Various kinetic theories for the decay processes of excite states are briefly introduced, in particularly adiabatic and nonadiabatic Rice–Ramsperger–Kassel -Marcus (RRKM) approaches for the kinetics of nonradiative decay of excited 2-aminopridine molecule. Special attention has been devoted to Monte Carlo transition state theory which can provide an efficient way to predict the rate of nonradiative transitions of polyatomic molecules on multi-dimensional PESs. Examples of Monte Carlo simulations on the intersystem crossing of isocyanic acid and a model molecule of hexacoordinate heme, as well as internal conversion process for 2-amininopyridine dimer and the adenine-thymine base pair are presented.

  • 1238.
    Zhang, Feng
    et al.
    KTH, School of Biotechnology (BIO), Theoretical Chemistry and Biology.
    Ai, Yue-Jie
    KTH, School of Biotechnology (BIO), Theoretical Chemistry and Biology.
    Luo, Yi
    KTH, School of Biotechnology (BIO), Theoretical Chemistry and Biology.
    Fang, Wei-Hai
    Beijing Normal University.
    Nonradiative decay of the lowest excited singlet state of 2-aminopyridine is considerably faster than the radiative decay2009In: Journal of Chemical Physics, ISSN 0021-9606, E-ISSN 1089-7690, Vol. 130, no 14, p. 144315-Article in journal (Refereed)
    Abstract [en]

    Ab initio calculations reveal that radiative lifetime of the lowest excited singlet state of 2-aminopyridine (2AP) molecule should be around 20 ns, consistent with the molecules of the same type, but is about one order of magnitude larger than the claimed experimental fluorescent lifetime in recent years. A S1/S0 conical intersection close to the S1 state has been located which could be the possible nonradiative channel that is responsible for the fast decay observed in the experiment.

  • 1239.
    Zhang, Igor Ying
    et al.
    KTH, School of Biotechnology (BIO), Theoretical Chemistry and Biology.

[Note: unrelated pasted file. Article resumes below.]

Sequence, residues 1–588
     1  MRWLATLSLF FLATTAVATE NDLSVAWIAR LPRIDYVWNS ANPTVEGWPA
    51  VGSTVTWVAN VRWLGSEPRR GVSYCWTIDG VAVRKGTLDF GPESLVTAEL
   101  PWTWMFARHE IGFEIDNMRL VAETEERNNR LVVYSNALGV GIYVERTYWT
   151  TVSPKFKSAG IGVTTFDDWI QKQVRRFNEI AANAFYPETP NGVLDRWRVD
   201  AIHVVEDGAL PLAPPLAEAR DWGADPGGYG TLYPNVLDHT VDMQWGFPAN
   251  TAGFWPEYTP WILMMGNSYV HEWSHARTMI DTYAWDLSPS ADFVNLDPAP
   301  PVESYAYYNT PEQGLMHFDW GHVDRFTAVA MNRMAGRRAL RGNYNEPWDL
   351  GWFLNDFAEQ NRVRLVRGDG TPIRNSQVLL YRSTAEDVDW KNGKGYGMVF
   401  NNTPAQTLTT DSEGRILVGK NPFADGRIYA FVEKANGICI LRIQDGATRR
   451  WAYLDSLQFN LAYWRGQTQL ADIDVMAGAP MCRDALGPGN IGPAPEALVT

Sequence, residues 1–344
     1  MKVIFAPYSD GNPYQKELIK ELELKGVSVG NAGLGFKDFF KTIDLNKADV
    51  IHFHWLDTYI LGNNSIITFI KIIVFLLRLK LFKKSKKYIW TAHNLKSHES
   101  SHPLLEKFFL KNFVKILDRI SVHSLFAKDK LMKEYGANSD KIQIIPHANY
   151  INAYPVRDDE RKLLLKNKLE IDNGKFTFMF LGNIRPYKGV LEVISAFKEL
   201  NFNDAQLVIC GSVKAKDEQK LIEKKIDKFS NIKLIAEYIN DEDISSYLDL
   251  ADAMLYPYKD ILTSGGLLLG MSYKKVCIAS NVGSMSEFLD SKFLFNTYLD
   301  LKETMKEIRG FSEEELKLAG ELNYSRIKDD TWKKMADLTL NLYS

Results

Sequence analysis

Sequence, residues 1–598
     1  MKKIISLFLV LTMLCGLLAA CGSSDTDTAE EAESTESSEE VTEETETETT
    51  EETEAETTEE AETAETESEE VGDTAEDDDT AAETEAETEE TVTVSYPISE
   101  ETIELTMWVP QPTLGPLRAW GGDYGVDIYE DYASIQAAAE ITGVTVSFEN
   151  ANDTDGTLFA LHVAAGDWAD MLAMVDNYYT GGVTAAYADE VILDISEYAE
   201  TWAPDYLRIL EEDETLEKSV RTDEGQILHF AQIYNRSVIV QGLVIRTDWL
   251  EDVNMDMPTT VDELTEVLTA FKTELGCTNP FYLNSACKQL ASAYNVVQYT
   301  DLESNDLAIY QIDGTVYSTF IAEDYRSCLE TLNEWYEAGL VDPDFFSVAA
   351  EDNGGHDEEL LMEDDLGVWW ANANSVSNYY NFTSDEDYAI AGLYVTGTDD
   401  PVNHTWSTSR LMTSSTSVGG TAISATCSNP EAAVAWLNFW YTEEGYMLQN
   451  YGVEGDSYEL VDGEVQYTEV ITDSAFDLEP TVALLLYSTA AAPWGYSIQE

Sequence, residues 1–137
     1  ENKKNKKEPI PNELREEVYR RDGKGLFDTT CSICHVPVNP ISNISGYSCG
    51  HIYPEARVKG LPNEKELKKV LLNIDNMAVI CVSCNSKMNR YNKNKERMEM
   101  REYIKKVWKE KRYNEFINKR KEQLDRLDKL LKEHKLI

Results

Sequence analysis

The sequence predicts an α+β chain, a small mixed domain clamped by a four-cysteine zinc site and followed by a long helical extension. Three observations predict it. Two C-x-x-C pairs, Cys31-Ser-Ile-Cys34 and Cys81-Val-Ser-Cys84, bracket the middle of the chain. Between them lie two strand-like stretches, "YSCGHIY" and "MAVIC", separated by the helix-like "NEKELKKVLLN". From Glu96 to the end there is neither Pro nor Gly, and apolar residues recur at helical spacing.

Wu, Jianming
    Luo, Yi
    KTH, School of Biotechnology (BIO), Theoretical Chemistry and Biology.
    Xu, Xin
    Accurate Bond Dissociation Enthalpies by Using Doubly Hybrid XYG3 Functional2011In: Journal of Computational Chemistry, ISSN 0192-8651, E-ISSN 1096-987X, Vol. 32, no 9, p. 1824-1838Article in journal (Refereed)
    Abstract [en]

    In this work, we examine the performance of XYG3, a newly developed doubly hybrid density functional (Zhang, Xu, and Goddard III, Proc Natl Acad Sci USA 2009, 106, 4963), to calculate covalent bond dissociation enthalpy (BDE). We use 5 atoms, 32 molecular radicals, and 116 closed-shell molecules to set up 142 bond dissociation reactions. For the total of 148 heats of formation (HOFs) and 142 BDEs, XYG3 leads to mean absolute deviations (MADs) of 1.45 and 1.87 kcal/mol, respectively. In comparison with some other functionals, MADs for HOFs are 2.31 (M06-2X), 2.98 (B2PLYP-D), 3.04 (BMK), 3.96 (B3LYP), 4.47 (B2PLYP), 5.42 (B2GP-PLYP), 6.46 (PBE0), and 29.93 kcal/mol (B3P86), and the corresponding errors for BDEs are 2.06 (M06-2X), 2.25 (BMK), 2.51 (B2PLYP-D), 2.89 (B2GP-PLYP), 3.30 (B3P86), 3.44 (B2PLYP), 3.87 (PBE0), and 6.14 kcal/mol (B3LYP). (C) 2011 Wiley Periodicals, Inc. J Comput Chem 32: 1824-1838, 2011

  • 1240.
    Zhang, Jun
    et al.
    Linköping University, Department of Physics, Chemistry and Biology, Chemistry. Linköping University, Faculty of Science & Engineering.
    Wang, Jun
    Linköping University, Department of Physics, Chemistry and Biology, Bioinformatics. Linköping University, Faculty of Science & Engineering.
    Sandberg, Alexander
    Linköping University, Department of Physics, Chemistry and Biology, Chemistry. Linköping University, Faculty of Science & Engineering.
    Wu, Xiongyu
    Linköping University, Department of Physics, Chemistry and Biology, Chemistry. Linköping University, Faculty of Science & Engineering.
    Nyström, Sofie
    Linköping University, Department of Physics, Chemistry and Biology, Chemistry. Linköping University, Faculty of Science & Engineering.
    LeVine, Harry III
    Sanders-Brown Center on Aging, University of Kentucky, KY 40536-0230, Lexington, USA..
    Konradsson, Peter
    Linköping University, Department of Physics, Chemistry and Biology, Chemistry. Linköping University, Faculty of Science & Engineering.
    Hammarström, Per
    Linköping University, Department of Physics, Chemistry and Biology, Chemistry. Linköping University, Faculty of Science & Engineering.
    Durbeej, Bo
    Linköping University, Department of Physics, Chemistry and Biology, Bioinformatics. Linköping University, Faculty of Science & Engineering.
    Lindgren, Mikael
    Linköping University, Department of Physics, Chemistry and Biology, Chemistry. Linköping University, Faculty of Science & Engineering. Department of Physics, Norwegian University of Science and Technology, 7491, Trondheim, Norway..
    Intramolecular Proton and Charge Transfer of Pyrene-based trans-Stilbene Salicylic Acids Applied to Detection of Aggregated Proteins.2018In: ChemPhysChem, ISSN 1439-4235, E-ISSN 1439-7641, Vol. 19, no 22, p. 3001-3009Article in journal (Refereed)
    Abstract [en]